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Comment Going to School (Score 1) 320

That morning I was getting ready to go to class, in my last quarter of senior year at university. The one thing I remember vividly was getting home late that evening to find the picture of Columbia on her launch pad had fallen from the wall and the glass and frame had shattered. It was eerie and most likely coincidence, but gave me time to ponder what had happened that morning as I swept up the glass. That evening President Reagan came on television to speak to the nation, having decided to defer his state of the union message to instead deliver an extraordinary speech to lead the nation in mourning, while pointing to a bright future in space. A day that can never be forgotten.

Comment Re:Ok first... (Score 2) 162

I own a non-wi-fi electric kettle, which takes me a total of less than 10 seconds to walk to and flick the switch each morning to start the boil; 30 seconds if I must fill it from the tap. The internet-of-things seems to be a baseless bunch of nonsense for the purpose of proving something can be done, no matter if it should be done at all. Gosh, just think of those folks who have to literally go out to draw water from a well or river, while simultaneously scrounging wood sticks to build a fire to boil water.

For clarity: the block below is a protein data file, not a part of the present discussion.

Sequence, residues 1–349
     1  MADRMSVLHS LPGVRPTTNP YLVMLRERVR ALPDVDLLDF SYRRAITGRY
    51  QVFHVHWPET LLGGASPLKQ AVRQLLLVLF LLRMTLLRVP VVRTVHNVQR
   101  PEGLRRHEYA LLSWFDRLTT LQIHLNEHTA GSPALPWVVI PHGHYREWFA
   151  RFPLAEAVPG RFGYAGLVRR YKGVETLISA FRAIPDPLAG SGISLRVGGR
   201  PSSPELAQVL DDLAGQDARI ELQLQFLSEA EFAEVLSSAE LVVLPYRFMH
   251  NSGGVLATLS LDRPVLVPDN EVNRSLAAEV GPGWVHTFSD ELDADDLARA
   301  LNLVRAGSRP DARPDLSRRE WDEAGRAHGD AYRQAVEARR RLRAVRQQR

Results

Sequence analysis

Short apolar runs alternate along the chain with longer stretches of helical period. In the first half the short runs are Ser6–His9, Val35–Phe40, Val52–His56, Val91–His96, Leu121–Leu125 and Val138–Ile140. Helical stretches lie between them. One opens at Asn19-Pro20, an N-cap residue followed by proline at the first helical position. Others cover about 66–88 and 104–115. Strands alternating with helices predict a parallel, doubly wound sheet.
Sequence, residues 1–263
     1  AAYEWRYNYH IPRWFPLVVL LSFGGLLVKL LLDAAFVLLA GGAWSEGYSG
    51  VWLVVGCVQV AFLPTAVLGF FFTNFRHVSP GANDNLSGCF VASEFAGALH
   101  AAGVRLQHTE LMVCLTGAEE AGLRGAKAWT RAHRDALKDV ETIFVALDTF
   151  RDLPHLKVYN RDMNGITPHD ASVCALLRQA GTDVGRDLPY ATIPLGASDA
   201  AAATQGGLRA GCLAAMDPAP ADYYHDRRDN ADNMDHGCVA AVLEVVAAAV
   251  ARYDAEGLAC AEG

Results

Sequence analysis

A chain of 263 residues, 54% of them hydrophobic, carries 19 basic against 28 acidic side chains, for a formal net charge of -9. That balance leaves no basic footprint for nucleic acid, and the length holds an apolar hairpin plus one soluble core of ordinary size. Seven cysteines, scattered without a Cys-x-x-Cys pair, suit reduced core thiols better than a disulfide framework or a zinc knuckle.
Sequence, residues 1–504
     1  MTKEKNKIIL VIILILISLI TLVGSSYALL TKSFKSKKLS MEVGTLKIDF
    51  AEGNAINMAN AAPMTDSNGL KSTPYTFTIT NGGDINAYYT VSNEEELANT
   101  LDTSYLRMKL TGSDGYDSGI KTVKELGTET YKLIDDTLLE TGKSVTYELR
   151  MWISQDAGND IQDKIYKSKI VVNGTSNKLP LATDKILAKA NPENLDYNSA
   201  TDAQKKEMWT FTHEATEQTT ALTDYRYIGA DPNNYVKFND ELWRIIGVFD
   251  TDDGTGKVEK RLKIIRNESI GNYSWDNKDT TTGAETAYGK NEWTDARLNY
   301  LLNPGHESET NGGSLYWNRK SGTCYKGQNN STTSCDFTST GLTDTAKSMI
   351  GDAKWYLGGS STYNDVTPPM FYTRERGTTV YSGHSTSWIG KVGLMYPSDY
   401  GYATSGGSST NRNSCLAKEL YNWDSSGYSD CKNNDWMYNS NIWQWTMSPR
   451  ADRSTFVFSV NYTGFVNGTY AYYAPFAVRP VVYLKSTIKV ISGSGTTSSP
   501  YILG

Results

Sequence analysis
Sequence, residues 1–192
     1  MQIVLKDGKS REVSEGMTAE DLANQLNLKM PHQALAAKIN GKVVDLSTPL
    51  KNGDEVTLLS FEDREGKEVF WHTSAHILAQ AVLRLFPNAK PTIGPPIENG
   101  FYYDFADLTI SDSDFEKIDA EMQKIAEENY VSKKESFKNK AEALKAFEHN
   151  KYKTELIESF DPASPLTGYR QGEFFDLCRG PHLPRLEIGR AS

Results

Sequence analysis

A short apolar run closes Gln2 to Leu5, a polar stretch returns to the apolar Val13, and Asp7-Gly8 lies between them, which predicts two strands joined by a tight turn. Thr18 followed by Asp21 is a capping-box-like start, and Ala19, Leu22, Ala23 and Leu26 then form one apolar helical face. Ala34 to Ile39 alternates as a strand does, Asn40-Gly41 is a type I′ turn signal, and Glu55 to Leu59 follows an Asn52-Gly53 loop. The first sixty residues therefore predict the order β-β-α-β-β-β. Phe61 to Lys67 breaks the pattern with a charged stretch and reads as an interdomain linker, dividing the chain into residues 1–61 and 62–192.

Comment Re: Yay for price drop (Score 1) 130

abundant supply of product "should" cause price to drop according to economics, however, as we can see on a daily basis that seems to not be holding true in the fossil fuel (oil) world with the abundant supply of crude oil driving the per bbl price down to levels not seen in decades while the pump price for refined gasoline remains more than double the price which it was at when crude was previously selling at those low bbl price levels.

one would expect no difference in the lithium market, abundant supply just means the profit margin will expand dramatically and consumers will still not see the benefit from economies of scale.

sigh

Comment Re:This is why we like C (Score 1) 234

Mod +5 on the Ada observation; I too had friends in the early '90s who had worked on the Ada rewrite which was abandoned, so they ended up at our telecomm firm writing C on our projects, then C++ etc etc. Seems there has been a near continuous chain of ATCS rewrite initiatives since the '80s, none of which has replaced the core systems which very likely still have a good bit of FORTRAN (66 or 77) and COBOL inside.

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